London: BP moved to dump 20 per cent of its shares in Russian oil giant Rosneft, taking a financial hit of as much as $25 billion by joining the campaign to isolate Russia’s economy. The surprise move from the British company is the latest sign of how far Western powers are willing to go to punish President Vladimir Putin for his invasion of Ukraine. BP has been in Russia for three decades and just weeks ago was staunchly defending its presence there.
But it was coming under growing pressure from the UK government over the alliance with Rosneft. BP CEO Bernard Looney was summoned by UK Business Secretary Kwasi Kwarteng to explain the company’s Russian links last week.
“This military action represents a fundamental change,” BP Chairman Helge Lund said in a statement. “It has led the BP board to conclude, after a thorough process, that our involvement with Rosneft, a state-owned enterprise, simply cannot continue.”
BP didn’t say whether it was planning to sell its roughly 20 per cent stake in Rosneft, or simply walk away. Any potential buyer would have to navigate a tightening web of economic sanctions that would make any transaction extremely difficult. In a memo to employees, Looney said there would be “financial consequences” from the move that would show up in its next quarterly results. A spokesperson said there could be a writedown of as much as $25 billion.
The London-based company did confirm that it would no longer account for its share of oil and gas reserves, production and profit from its stake in Rosneft. Looney will also resign with immediate effect from the Russian company’s board, as will his predecessor Bob Dudley. BP will also exit its other business in Russia, which include three joint ventures with a carrying value on its books of about $1.4 billion.
The move - and the associated financial costs - will come as a surprise to investors on Monday. BP shares have risen 15 per cent this year, bolstered by rising oil prices even as Russian forces were massing on Ukraine’s border. In early February, Looney was still arguing that BP could “avoid politics” in Russia, which was “a large member of the energy system.”
The shock of Putin’s large military incursion into Ukraine made that position untenable.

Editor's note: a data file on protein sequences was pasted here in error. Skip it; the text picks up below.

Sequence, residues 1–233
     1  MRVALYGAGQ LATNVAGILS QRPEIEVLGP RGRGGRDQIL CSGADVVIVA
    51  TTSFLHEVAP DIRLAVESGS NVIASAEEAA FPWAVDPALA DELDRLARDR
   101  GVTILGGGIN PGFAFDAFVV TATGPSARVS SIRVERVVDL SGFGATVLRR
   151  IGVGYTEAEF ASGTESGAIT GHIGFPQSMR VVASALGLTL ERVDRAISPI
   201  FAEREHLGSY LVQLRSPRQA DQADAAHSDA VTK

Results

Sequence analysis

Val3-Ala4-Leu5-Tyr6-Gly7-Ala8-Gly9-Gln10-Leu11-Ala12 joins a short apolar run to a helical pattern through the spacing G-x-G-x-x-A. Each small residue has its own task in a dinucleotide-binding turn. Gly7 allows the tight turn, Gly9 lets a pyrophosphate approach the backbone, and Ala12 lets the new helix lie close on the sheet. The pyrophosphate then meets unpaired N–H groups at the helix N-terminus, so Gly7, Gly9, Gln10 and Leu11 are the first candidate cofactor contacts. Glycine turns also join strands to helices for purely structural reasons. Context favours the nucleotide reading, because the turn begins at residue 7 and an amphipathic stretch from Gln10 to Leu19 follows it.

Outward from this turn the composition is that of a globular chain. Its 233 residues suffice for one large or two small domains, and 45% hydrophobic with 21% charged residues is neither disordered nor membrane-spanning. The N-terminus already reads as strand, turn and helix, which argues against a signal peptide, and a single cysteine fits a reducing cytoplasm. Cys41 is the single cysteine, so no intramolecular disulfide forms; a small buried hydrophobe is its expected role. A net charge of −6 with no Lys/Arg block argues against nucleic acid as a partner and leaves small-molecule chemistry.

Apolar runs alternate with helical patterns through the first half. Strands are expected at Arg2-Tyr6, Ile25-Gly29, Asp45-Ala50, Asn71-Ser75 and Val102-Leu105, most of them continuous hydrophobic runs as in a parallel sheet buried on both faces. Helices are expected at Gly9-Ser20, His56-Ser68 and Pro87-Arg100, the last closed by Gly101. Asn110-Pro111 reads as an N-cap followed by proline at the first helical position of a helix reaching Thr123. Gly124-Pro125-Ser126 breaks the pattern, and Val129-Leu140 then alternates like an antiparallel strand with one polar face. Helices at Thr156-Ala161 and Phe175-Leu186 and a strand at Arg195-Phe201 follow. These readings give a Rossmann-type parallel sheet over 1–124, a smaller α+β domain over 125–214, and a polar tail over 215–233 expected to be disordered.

Controlling Russian oil fields
BP has a longer history in Russia than many of its peers. It was one of the first Western oil majors to establish a presence in Russia after the collapse of the Soviet Union. John Browne, the CEO at the time, bought a stake in Sidanco in the 1990s, which eventually morphed into TNK-BP, a joint venture with a group of billionaires. That gave BP direct operational control of Russian oil fields, with large numbers of expat staff in the country.
It was highly profitable, but also fraught with tension between the oligarchs and their Western partners. A bitter battle for control in 2012 ultimately resulted in BP exchanging its stake in TNK-BP for $17 billion in cash and a large chunk of Rosneft shares.
While BP reported its share of Rosneft production, reserves and profit for accounting purposes, it didn’t have direct stakes in any of Rosneft’s fields nor physical access to the hydrocarbons they produced.
The London-based company did receive regular dividends from Rosneft, which last year amounted to $640 million, compared with BP’s total operating cash flow of $23.6 billion.
While BP had the largest interest in Russian oil and gas, its Big Oil peers also hold important stakes in the country. TotalEnergies’s operations in Russia represent around $1.5 billion of its total cash flow or around 5 per cent. It has a stake in gas producer Novatek as well as a large interest in the Yamal LNG project. Shell plc has a large holding in the Gazprom-led LNG project Sakhalin Energy, while Chevron and Exxon have a presence in lubricants.